The Leader Who Can’t Make A Decision If Their Life Depended On It
We’ve all been there. Time is of the essence and with every minute that passes the chances of success plummet. And yet the person with the authority can’t make a decision. They flip and flop, paralyzed by uncertainty and fear. Organizations can recover from bad decisions, but the indecisive leader spells almost certain doom.
While the above scenario likely causes flashbacks of immense frustration, the good news is that convincing your hopelessly indecisive boss to make a decision on a pressing issue is not as difficult as you may believe. The key is to spend more time defining the issue and less about persuading them to make the decision. Much like in our previous scenario, the key is to break things down into the smallest common denominator. By taking the time to carefully analyze the issue, with any luck we can break what is an overwhelmingly large decision into a series of far more manageable smaller ones. Your ultimate goal is to force your boss into some sort of action, however small, so as to allow you to move the dial forward.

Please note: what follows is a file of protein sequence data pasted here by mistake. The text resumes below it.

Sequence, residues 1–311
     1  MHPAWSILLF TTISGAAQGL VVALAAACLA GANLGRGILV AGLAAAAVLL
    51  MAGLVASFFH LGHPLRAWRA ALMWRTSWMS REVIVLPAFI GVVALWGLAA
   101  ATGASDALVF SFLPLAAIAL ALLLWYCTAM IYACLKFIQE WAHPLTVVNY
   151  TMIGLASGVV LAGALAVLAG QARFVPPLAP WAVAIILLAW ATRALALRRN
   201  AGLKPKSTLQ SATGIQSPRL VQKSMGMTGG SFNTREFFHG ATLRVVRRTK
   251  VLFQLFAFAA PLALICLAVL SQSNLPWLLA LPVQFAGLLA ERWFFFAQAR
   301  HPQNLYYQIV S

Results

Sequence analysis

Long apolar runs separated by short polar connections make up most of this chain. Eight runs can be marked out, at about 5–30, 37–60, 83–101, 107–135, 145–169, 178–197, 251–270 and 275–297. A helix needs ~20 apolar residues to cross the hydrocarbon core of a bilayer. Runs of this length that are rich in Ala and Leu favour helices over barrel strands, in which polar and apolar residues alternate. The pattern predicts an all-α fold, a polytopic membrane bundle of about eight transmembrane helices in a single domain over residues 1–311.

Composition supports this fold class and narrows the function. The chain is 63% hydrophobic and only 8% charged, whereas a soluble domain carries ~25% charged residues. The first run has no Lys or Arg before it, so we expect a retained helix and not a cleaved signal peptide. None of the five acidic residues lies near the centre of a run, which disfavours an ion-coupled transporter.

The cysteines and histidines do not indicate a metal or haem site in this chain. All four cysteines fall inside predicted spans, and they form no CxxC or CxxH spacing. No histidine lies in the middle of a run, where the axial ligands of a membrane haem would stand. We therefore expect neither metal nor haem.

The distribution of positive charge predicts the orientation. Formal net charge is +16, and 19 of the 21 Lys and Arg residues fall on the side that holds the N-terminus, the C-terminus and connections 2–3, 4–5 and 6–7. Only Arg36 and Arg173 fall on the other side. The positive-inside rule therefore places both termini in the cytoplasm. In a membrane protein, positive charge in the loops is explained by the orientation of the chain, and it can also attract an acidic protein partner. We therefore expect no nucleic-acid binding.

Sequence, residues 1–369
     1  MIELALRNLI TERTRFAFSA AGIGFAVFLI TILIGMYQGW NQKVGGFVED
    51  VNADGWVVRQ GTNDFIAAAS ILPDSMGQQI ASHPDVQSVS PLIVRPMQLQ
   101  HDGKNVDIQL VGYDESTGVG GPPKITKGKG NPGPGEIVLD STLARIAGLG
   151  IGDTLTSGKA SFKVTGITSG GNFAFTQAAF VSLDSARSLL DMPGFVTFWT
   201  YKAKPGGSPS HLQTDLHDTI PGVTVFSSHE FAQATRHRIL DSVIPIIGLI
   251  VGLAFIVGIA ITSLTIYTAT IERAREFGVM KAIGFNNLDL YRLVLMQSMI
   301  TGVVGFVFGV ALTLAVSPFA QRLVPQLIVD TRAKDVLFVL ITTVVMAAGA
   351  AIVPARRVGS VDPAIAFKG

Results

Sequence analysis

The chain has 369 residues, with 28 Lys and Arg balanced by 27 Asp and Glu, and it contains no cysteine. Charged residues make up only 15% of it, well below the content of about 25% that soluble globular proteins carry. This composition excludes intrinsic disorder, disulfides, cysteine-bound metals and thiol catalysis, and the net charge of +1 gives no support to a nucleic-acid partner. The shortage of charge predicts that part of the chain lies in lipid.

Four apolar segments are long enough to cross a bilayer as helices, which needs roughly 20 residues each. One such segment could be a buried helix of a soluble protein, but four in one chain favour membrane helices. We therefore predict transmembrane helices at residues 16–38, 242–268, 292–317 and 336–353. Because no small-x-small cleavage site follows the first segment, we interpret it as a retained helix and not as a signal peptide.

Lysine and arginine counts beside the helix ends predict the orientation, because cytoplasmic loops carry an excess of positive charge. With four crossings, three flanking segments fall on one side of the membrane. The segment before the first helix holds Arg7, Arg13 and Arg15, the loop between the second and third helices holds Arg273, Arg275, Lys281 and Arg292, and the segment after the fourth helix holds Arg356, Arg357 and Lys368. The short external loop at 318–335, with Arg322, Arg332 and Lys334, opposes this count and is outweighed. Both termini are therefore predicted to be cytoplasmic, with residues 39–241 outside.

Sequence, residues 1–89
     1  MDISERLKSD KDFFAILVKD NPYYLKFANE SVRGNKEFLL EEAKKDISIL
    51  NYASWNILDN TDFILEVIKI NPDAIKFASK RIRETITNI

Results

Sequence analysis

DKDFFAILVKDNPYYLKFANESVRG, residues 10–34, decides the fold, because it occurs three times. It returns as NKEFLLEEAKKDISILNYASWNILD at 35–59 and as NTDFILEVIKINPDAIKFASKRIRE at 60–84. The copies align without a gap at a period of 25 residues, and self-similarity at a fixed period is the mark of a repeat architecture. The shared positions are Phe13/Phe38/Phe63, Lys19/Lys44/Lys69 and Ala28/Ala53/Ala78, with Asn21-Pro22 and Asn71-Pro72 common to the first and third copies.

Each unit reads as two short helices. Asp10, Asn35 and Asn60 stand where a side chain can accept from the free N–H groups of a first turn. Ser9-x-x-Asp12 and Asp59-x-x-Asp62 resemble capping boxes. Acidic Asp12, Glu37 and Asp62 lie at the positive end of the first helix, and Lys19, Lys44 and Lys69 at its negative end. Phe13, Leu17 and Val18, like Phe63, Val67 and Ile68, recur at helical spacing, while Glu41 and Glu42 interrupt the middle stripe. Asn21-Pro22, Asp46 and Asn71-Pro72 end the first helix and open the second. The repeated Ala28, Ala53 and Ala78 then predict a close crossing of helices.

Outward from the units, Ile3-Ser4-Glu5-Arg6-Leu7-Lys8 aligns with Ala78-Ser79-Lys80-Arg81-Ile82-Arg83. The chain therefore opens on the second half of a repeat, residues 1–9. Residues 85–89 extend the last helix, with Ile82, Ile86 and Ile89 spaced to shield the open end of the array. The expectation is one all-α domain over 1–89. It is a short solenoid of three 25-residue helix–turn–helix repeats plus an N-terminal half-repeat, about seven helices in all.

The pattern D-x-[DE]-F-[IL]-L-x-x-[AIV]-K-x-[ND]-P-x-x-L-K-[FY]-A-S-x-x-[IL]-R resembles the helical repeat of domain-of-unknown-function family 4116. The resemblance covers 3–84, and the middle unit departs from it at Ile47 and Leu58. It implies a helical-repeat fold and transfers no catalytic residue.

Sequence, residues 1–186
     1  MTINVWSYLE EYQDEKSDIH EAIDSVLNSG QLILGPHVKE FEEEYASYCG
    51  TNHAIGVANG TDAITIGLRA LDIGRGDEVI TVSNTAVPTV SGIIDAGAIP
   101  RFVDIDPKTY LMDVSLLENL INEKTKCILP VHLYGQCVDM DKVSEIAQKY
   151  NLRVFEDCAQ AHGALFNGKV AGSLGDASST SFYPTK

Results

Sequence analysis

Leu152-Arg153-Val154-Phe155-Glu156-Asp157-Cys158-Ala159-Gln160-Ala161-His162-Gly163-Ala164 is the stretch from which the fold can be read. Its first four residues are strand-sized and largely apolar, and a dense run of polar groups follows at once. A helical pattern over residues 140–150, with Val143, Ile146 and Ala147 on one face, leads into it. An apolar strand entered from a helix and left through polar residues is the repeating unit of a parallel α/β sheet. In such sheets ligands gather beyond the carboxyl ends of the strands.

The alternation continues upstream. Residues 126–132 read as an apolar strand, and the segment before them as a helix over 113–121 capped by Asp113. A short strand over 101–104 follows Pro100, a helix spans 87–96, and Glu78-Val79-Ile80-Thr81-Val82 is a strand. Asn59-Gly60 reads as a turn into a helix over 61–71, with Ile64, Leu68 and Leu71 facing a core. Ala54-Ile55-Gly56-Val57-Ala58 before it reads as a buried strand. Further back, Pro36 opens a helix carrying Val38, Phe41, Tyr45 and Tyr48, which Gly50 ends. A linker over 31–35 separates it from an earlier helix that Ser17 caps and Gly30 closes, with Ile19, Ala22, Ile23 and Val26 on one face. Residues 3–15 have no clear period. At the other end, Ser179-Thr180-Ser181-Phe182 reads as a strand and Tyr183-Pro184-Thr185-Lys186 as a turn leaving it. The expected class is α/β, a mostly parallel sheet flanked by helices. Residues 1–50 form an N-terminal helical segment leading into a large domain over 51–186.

“Whenever you’re dealing with someone who is struggling to make a decision, you have to move the person’s attention away from the big picture and instead focus on each component of the problem one at a time,” explains D’Antonio. “In the legal profession, there is a concept called totality of the circumstances, which in essence states that there is no single deciding factor in any situation, and you must consider all the facts, the context, and only then draw a conclusion from the whole picture. The same concepts can be applied to any area of business or life — decisions should only be made after one has pieced together the real problem from its individualized elements.”
The Leader Who Thinks You’re Out To Get Them